Kuala Lumpur, Malaysia

Please enjoy this guest article on Kuala Lumpur, one of my favorite cities.

Kuala Lumpur, aside from being the federal capital of Malaysia, is also its principal center of commerce, politics and even entertainment. The city brings together Malaysia’s past and present, its many constituent cultures, and even its remarkable natural treasures. The city gives visitors an opportunity to see Malaysia as a whole before setting off to its other parts.

Things to see while in Kuala Lumpur

Stop One: Merdeka Square

The Merdeka Square is an 8.2-hectare area of historical interest. Here one can find a 100 meter-high flagpole that marks the spot where the Malayan flag was hoisted, to signify the country’s independence from British rule, in August 31, 1957. Aside from the historical value given by Merdeka Square, it is also an inviting spot for relaxation. At one end of the square is a site where visitors can loosen up amid the soothing waters of fountains, elegant walkways and eye-refreshing beds of marigolds and zinnias.

Stop Two: Sultan Abdul Samad Building

Facing the Merdeka Square is the Sultan Abdul Samad Building. This magnificent building was erected in 1897 to house several important government departments during the British occupation. With its shiny copper dome and 40 meter-high clock tower, this construction serves as a major landmark in the city. It currently houses the Supreme Court and Textile Museum. During every end of the year the Sultan Abdul Samad Building serves as a backdrop of how the Malaysians welcome the coming New Year.

Stop Three: National Monument

The famous sculptor Felix de Weldon designed this 15.54 meter-high bronze monument. The monument was constructed in 1966 in honor of the country’s fallen heroes during the Communist insurgency. This massive bronze structure is one of the largest freestanding sculptures in the world.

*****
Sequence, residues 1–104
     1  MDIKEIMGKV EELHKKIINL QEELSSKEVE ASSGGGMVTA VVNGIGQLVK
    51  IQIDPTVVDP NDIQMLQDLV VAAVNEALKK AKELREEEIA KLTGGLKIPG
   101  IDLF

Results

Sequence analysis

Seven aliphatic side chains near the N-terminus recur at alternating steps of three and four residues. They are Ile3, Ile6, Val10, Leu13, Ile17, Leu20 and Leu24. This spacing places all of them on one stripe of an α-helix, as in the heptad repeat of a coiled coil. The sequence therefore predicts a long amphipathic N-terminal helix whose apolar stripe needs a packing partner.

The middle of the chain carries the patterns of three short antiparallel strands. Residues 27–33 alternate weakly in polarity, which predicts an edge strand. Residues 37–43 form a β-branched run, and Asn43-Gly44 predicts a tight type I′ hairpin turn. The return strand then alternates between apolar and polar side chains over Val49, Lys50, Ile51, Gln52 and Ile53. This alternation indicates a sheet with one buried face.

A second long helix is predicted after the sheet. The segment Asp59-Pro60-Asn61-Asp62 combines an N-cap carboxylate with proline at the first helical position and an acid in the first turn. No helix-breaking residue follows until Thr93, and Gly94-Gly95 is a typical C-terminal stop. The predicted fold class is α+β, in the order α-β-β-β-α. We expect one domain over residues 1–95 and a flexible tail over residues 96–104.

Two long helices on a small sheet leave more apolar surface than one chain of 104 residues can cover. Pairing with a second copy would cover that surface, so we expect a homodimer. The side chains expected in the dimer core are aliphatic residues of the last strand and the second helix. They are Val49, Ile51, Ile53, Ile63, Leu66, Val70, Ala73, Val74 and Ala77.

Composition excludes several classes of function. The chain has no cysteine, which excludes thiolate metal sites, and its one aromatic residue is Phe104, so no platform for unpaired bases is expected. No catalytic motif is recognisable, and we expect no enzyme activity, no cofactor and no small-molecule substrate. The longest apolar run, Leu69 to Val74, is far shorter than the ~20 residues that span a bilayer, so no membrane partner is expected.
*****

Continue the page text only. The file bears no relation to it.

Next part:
Stop Four: ASEAN Sculpture Garden

A harmonious combination of waterscape and landscape found just below the National Monument. The garden has a collection of prize-winning sculptures by some of the finest artists in the Southeast Asian region.

Stop Five: Lake Gardens

Here one is treated to a first glimpse of the unsurpassed beauty and variety of Malaysia’s flora and fauna. The park, which is built around two lakes, provides pedestrians with a soothing ambience as they walk through a panorama of lush foliage, exotic blooms, creative themeparks and regal raintrees.

Stop Six: Planetarium Negara

A blue-domed structure atop a hill in the Lake Gardens. Its attractions include a space theater, which screens space shows and movies. Its observatory houses a 14-inch telescope through which on a full moon a visitor can view heavenly bodies.

Stop Seven: Central Market

Here music, crafts and cultural practices from all over Malaysia can be explored and experienced. Local artists thrive here in order to demonstrate their skills and display their works. Look on as natives transform plain, white fabric into wonderful batik cloth by placing wonderful patterns on them. It is also a haven for shoppers due to its numerous stalls and boutiques selling antiques, handicrafts, souvenirs and Asian artifacts.

Stop Eight: Petronas Twin Towers

The 88-story twin towers soar to a nauseating height of 452 meters above the city skyline. This piece of architecture is inspired by the Five Pillars of Islam. The towers house the Petronas Philharmonic Hall, which is home of the Malaysian Philharmonic Orchestra and Petronas Performing Arts Group. Currently, the Petronas Twin Towers are the world’s tallest two freestanding towers.